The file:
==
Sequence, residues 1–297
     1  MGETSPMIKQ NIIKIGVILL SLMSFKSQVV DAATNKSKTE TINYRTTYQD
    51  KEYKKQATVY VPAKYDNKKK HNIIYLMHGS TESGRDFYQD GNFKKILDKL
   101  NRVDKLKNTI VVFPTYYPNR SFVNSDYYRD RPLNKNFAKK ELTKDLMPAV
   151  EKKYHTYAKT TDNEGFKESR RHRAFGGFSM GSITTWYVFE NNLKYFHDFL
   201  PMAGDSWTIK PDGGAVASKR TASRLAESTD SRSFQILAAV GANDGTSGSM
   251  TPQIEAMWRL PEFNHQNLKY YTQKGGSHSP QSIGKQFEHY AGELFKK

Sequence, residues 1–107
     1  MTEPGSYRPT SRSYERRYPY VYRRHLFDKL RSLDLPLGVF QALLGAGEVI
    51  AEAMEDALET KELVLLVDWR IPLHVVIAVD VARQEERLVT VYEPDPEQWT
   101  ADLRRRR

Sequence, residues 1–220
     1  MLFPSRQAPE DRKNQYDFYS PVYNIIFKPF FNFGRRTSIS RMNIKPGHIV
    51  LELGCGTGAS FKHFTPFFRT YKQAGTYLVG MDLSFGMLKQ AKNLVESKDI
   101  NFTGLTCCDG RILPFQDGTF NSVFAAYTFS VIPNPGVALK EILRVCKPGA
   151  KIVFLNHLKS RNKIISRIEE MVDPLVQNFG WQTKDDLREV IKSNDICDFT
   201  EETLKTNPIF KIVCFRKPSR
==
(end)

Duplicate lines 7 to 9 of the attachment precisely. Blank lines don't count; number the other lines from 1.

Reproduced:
   251  TPQIEAMWRL PEFNHQNLKY YTQKGGSHSP QSIGKQFEHY AGELFKK

Sequence, residues 1–107
     1  MTEPGSYRPT SRSYERRYPY VYRRHLFDKL RSLDLPLGVF QALLGAGEVI